Published: Tue, March 13, 2018
World News | By Laverne Osborne

Teen killed, woman injured in Austin package bomb explosion

Teen killed, woman injured in Austin package bomb explosion

The chief said authorities did not have a description of suspects or suspected vehicles.

An ABC affiliate in Austin reported that the original call was made at 6:44 a.m. on Monday. When they brought it inside and opened it in the kitchen, the package exploded.

Authorities now investigating 3 package explosions. The blast was powerful enough to blew out walls at the home's entryway.

He said that the US Postal Service didn't have a record of delivering the package to the East Austin home where Monday's explosion occurred and that private carriers like UPS and FedEx also indicated they had none either.

In the second Monday explosion, the package exploded when the elderly woman picked up the package, the chief said.

Manley said she was facing "life-threatening injuries".

Joanna Samarripa, who lives around the corner, said she saw a woman slumped in the doorway of the home after rushing over moments after the explosion.

Emergency responders were dispatched to the 6700 block of Galindo Street in Southeast Austin at 11:49 a.m. local time. Monday's first explosion happened at a home near the city's Windsor Park neighborhood and about 12 miles from the home where the March 2 package bomb killed 39-year-old Anthony Stephan House. The Austin Fire Department tweeted it was another package explosion.

"This is the third in what we believe to be related incidents over the past 10 days", Manley said while briefing reporters near the site of Monday's second explosion.

Austin Police Chief Brian Manley warned residents to avoid opening unexpected packages. A woman also was injured in the Monday morning blast.

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The Bureau of Alcohol Tobacco and Firearms said a national response team would join Austin police in the investigation. Manley said the package was placed on the front step of the home.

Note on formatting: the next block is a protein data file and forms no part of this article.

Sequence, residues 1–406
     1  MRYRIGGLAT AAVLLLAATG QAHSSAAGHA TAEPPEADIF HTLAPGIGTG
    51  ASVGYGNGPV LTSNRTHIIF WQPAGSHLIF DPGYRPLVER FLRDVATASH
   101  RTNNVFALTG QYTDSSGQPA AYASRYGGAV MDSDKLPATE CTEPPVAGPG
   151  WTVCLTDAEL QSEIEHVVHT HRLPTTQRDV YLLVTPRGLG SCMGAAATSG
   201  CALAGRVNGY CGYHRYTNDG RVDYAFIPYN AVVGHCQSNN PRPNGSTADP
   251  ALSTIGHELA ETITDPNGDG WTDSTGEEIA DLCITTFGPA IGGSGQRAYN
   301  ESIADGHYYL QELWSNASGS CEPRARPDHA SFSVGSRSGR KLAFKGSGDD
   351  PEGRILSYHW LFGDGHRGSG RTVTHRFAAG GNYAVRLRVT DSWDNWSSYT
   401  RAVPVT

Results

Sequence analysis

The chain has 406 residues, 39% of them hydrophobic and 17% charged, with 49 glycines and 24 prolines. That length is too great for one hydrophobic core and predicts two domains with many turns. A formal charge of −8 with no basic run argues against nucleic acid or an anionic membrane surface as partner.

Detectives are linking the incidents to a similar bombing in the city earlier in March, in which a 39-year-old man was killed. Police now classify it as a homicide.

Police say their investigation of deadly package bombings at two Austin homes will try to determine if a hate crime was involved because the victims in both cases were black.

Manley did not rule out the possibility that the victims were targeted over their race.

"We will leave no stone unturned because we are not going to continue to let this go on in our city", Manley added.

Authorities had said they believe the first two explosions are linked. "We don't know what the motive behind these may be", Manley said.

"...in which case it would be an accidental death so that's why we're not calling it a homicide yet", said Chacon. "We have innocent people getting hurt across this community".

Sheriff AJ Louderback on the bombings that occurred in Austin neighborhoods and what law enforcement plans to do to stop the next explosion.

Likewise, he urged the thousands of visitors in town - many at the South by Southwest Conference and Festivals - to be cautious.

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